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Hunting & Fishing

Fishery Managers Announce Third Drift Net Opening On Kuskokwim River

Fishermen use a gillnet to target salmon in the Kuskokwim River near Napaskiak during a subsistence fishing opening on June 12, 2018.
Katie Basile

Editor's note: This story has been updated with information from the Alaska Department of Fish and Game.

Families along the Kuskokwim River will have another opportunity to fill fish racks with salmon. Fishery managers announced the season’s third drift net opening based on an assessment of this season’s king salmon run.

Under federal regulation, the drift net opening will be Saturday, June 19 from 6 a.m. to 6 p.m.

Also, starting June 19 at 6 a.m., under federal regulation, the area between the Kalskag line and Aniak will be open full-time to gillnets until further notice. The Kalskag line begins just below Lower Kalskag stretching between the south edge of Uknavik Slough and then due east of the edge of the bluff line.

Under state regulation, this area from Kalskag to the headwaters will open June 19, just after midnight, at 12:01 a.m. At that same time, state permits will no longer be required to fish in subsistence section 4, from Aniak upriver to the Holitna River mouth.


Drift nets should be 6-inch or less mesh and may not exceed 45 meshes in depth. Drift nets may not exceed 150 feet in length upstream of the Johnson River, and may not exceed 300 feet in length downstream of the Johnson River.


Salmon spawning tributaries remain closed to gillnets. Non-salmon spawning tributaries are closed to gillnets from their confluence with the Kuskokwim to 100 yards upstream. The waters upstream of that 100-yard closure area will remain open for subsistence fishing.


Federal, tribal, and state managers say that the king salmon run looks strong enough to offer additional harvest. At the Kuskokwim River Salmon Management Working Group meeting on June 16, state biologist Sean Larson provided an assessment of the king salmon run so far. He described it as about average or slightly above average compared to the last 13 seasons, but lackluster compared to the historical average.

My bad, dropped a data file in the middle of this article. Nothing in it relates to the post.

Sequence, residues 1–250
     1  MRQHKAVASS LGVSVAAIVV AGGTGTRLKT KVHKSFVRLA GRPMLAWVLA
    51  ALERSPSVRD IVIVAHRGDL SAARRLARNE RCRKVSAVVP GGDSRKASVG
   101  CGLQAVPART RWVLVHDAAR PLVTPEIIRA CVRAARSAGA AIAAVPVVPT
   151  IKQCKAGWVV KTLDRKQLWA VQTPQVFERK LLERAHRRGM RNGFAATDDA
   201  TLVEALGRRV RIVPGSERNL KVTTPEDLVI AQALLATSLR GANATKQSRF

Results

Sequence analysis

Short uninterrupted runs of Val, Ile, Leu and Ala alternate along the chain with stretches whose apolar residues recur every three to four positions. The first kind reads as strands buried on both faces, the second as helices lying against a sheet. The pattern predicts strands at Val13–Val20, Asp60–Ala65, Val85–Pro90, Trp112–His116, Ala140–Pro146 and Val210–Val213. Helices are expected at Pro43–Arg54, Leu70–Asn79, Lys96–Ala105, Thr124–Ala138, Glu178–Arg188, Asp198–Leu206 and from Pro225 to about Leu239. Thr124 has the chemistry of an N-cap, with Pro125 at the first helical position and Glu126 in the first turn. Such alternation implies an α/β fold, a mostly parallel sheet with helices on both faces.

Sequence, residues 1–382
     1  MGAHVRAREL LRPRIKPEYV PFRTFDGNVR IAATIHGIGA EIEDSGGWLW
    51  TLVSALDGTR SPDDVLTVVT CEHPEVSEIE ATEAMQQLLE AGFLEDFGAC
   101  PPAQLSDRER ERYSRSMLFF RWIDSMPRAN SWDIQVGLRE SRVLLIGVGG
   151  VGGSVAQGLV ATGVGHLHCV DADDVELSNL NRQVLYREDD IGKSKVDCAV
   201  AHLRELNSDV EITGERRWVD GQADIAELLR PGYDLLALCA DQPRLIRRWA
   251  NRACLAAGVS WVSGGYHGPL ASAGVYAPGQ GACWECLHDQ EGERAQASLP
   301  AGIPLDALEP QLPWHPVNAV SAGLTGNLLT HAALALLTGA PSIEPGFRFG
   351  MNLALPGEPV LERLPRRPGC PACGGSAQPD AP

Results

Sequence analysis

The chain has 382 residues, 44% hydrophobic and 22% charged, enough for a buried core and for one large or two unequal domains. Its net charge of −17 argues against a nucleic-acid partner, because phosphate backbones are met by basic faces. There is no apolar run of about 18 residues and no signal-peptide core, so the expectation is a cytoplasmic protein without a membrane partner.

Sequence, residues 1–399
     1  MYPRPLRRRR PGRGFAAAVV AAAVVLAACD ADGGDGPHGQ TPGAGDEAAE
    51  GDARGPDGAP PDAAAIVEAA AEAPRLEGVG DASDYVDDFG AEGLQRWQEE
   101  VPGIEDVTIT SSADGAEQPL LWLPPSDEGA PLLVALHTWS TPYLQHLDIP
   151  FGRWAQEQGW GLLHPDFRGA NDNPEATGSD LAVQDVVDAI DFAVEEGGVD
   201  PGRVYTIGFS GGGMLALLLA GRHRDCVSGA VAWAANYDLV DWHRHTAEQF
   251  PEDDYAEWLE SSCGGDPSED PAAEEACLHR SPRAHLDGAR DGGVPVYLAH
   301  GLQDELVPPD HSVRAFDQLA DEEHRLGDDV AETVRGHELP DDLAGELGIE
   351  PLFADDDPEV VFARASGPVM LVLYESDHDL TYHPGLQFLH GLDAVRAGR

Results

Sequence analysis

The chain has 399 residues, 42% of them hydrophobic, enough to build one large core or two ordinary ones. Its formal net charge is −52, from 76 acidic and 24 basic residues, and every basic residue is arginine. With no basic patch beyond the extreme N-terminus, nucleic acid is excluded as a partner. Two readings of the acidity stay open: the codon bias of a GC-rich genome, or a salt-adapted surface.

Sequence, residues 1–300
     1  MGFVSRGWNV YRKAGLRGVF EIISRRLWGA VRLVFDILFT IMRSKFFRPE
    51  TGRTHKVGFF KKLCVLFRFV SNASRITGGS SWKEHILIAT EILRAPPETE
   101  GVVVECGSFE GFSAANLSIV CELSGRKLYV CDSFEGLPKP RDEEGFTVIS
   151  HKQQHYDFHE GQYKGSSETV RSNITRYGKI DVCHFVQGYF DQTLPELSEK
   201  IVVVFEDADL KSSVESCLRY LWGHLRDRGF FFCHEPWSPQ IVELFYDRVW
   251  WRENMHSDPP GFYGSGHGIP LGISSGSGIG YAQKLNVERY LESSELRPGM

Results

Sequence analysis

“It's one, not looking like a big run like we saw in 2019. And we're slightly ahead of where we were at this point last year,” Larson said.


The state’s assessment is based on numbers from the Bethel Test Fishery, the Bethel Sonar Project, and harvest estimates. Larson said that this year’s king salmon run is tracking very closely to the 2018 run, which he said saw about 135,000 kings. There were four June drift net openings in 2018, but he said that about 113,000 kings still made it upriver to spawn, reaching the state’s escapement goal. That number is also above the federal and tribal escapement goal for this year.


Kuskokwim River Inter-Tribal Fish Commission Executive Director Mary Peltola said that the decision to offer an additional drift net opening was also based on traditional knowledge. Peltola said that one of the best predictors of the king salmon run are migratory bird numbers, and she said that James Nicori, an in-season manager for the fish commission, observed promising geese returns.


“He said there was a pulse, and then a gap in their return. And then when the next pulse of birds came, there were more,” Peltola said.


Peltola said that Nicori hopes that there will be a second pulse of kings coming into the Kuskokwim that is bigger than the first.

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